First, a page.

Ever since VMware first began changing its vSphere 5.0 pricing model to include a cost for virtual memory (dubbed the "vRAM tax" by competitors and angry users alike), many organizations have questioned whether they should rely on VMware vSphere as their sole virtualization platform and began to take a second look at server virtualization offerings from Citrix, Microsoft, and Red Hat.
While these investigations were primary driven by upper management as a cost-savings measure, decision makers may also fear vendor lock-in as more and more physical servers (including mission-critcal servers) were being migrated to virtual servers on the VMware hypervisor platform. While a heterogeneous virtual data center may look good on paper, the management complexity that comes with using multiple virtualization platforms in the same environment can be a nightmare.
[ Also on InfoWorld: Find out about 5 free tools for VMware View VDI admins to try | Read how you can remotely access VMware virtual desktops with WSX and an HTML5 Web browser. | Keep up on virtualization by signing up for InfoWorld's Virtualization newsletter. ]
There are lots of third-party software companies trying to solve the heterogeneous virtualization management nightmare, but VMware vCenter is still the gold standard for most users. If there's one thing I've learned after years of speaking with VMware administrators, it's that you will have to pry VMware vCenter from their cold, dead hands. It may not be perfect, and it doesn't solve all problems, but vCenter has become a management tool they simply cannot live without.
But VMware isn't interested in managing competitors' hypervisors within vCenter. Doing so would validate these other platforms, and I don't see that happening anytime soon. Where does that leave administrators who want to minimize the number of management tools they have to use to manage a hetergeneous environment?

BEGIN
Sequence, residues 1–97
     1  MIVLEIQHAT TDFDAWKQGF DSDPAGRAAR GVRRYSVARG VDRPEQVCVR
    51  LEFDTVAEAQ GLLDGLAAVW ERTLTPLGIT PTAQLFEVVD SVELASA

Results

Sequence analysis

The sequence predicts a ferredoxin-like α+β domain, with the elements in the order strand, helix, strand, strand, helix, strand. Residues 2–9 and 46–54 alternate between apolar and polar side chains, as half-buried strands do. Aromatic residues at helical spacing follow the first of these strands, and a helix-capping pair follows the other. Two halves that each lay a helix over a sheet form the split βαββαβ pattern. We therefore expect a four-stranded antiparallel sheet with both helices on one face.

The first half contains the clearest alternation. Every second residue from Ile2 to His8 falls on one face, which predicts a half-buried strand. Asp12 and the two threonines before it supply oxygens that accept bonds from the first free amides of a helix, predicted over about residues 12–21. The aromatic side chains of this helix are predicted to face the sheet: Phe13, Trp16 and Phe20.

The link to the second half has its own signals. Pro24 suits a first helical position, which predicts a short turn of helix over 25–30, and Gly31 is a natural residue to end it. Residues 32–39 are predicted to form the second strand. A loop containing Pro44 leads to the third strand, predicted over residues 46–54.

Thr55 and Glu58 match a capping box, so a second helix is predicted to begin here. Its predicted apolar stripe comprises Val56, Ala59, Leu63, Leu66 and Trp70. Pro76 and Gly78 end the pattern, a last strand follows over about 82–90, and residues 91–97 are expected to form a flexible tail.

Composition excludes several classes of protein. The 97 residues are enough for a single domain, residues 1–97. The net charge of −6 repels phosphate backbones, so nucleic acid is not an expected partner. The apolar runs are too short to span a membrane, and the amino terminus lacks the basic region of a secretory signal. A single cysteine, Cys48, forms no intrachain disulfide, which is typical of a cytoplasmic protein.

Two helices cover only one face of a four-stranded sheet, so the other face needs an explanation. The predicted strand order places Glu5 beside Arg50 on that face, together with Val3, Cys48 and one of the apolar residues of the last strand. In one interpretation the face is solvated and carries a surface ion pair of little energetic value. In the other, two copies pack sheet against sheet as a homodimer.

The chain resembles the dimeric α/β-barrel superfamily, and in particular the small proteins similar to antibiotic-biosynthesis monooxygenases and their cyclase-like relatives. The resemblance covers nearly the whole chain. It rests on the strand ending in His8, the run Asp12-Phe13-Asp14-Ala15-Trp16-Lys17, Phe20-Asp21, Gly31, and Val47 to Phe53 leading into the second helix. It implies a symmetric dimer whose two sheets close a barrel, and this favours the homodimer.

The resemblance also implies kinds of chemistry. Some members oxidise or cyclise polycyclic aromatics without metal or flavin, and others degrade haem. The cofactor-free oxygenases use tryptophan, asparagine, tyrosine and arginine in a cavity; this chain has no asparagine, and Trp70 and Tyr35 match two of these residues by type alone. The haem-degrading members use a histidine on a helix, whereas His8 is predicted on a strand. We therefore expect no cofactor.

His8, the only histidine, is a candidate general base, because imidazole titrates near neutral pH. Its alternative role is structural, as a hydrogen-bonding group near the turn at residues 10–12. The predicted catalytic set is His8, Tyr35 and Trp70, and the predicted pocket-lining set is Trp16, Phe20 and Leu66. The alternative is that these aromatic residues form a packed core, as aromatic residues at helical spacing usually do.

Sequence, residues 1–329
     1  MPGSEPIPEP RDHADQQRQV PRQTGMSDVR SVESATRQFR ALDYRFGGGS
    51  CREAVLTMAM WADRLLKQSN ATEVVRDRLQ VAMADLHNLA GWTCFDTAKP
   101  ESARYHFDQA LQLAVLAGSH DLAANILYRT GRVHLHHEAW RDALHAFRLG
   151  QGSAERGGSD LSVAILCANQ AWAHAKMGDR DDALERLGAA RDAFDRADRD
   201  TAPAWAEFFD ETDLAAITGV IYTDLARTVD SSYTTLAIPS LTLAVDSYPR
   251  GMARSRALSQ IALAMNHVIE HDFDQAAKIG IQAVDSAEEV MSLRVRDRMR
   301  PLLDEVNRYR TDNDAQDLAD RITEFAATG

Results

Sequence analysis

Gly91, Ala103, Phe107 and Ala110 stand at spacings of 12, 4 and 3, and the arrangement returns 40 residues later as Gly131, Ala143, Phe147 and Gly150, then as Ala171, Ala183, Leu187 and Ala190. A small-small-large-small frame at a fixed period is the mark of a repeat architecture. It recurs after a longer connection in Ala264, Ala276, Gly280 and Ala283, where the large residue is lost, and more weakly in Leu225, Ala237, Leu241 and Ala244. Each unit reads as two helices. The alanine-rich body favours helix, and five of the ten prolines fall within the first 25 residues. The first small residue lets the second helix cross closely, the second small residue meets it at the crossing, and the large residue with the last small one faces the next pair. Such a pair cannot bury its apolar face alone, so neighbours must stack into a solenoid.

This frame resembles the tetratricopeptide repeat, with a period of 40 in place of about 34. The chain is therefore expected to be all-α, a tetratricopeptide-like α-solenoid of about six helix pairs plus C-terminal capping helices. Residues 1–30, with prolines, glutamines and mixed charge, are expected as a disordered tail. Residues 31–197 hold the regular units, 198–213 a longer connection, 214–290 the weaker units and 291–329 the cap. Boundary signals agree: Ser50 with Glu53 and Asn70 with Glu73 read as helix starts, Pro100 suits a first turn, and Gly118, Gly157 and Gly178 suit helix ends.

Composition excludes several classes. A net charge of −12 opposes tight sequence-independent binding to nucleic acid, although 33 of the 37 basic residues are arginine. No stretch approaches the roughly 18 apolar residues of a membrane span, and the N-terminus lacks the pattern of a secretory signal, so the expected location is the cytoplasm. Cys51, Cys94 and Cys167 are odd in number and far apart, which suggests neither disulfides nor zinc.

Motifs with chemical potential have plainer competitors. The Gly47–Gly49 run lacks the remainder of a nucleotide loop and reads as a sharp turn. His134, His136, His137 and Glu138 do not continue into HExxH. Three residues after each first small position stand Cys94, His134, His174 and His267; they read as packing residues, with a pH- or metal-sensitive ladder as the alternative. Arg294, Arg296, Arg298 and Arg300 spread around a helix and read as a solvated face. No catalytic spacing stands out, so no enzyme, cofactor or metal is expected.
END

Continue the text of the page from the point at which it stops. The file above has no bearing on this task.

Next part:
VMware may not be ready to manage other hypervisor platforms from within their own management application, but that tiny issue is being overlooked by a company called HotLink, which came out of stealth mode last year after launching SuperVisor for VMware during VMworld 2011.
HotLink has taken a different approach to centralized management of multiple virtualization platforms. Instead of using more than one management tool or overlays that try to glue different consoles together, HotLink makes one console do the work of the others. To make that happen, HotLink's transformation engine technology abstracts and decouples the virtual infrastructure metadata from the virtualization management layer to enable native interoperability of hypervisors. It can basically translate operational hypervisor system commands into a common form understood by other hypervisors, making it possible for administrators to manage Citrix XenServer, Microsoft Hyper-V, and Red Hat KVM from within VMware vCenter.
HotLink SuperVisor was designed with a plug-in architecture to extend the platform vendors' virtualization management solutions. The first plug-in was created for VMware vCenter -- the obvious choice since it is the deployed management platform for virtualized environments. The next obvious step for HotLink would be to create SuperVisor for Microsoft and integrate it with System Center Virtual Machine Manager, then perhaps expand the platform to work with public clouds, including those from Amazon Web Services and Rackspace.
Earlier versions of SuperVisor for VMware carried out basic virtualization management functions (such as powering virtual machines on and off, VM cloning, and workload conversions) from vCenter for all VMs running on vSphere as well as Citrix, Microsoft, and Red Hat platforms. The company recently announced the newest release of its flagship product, HotLink SuperVisor for VMware 1.5. With SuperVisor for VMware 1.5, the company said it was building on its technology to deliver on the advanced features of VMware vCenter.